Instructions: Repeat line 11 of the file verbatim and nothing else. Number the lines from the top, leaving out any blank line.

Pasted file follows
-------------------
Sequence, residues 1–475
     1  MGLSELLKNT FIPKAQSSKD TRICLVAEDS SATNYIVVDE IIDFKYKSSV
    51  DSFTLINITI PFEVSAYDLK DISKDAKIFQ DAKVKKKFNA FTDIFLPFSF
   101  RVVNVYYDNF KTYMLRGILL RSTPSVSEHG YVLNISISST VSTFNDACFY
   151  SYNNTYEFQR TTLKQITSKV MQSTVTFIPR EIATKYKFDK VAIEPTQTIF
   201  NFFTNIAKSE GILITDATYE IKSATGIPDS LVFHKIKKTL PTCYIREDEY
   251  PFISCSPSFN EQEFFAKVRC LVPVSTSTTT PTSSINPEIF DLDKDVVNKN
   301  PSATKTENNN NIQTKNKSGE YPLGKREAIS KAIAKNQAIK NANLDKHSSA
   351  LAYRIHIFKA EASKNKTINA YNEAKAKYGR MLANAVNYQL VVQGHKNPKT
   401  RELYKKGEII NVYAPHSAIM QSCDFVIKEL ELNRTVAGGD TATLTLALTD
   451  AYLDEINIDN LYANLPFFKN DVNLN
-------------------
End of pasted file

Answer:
   451  AYLDEINIDN LYANLPFFKN DVNLN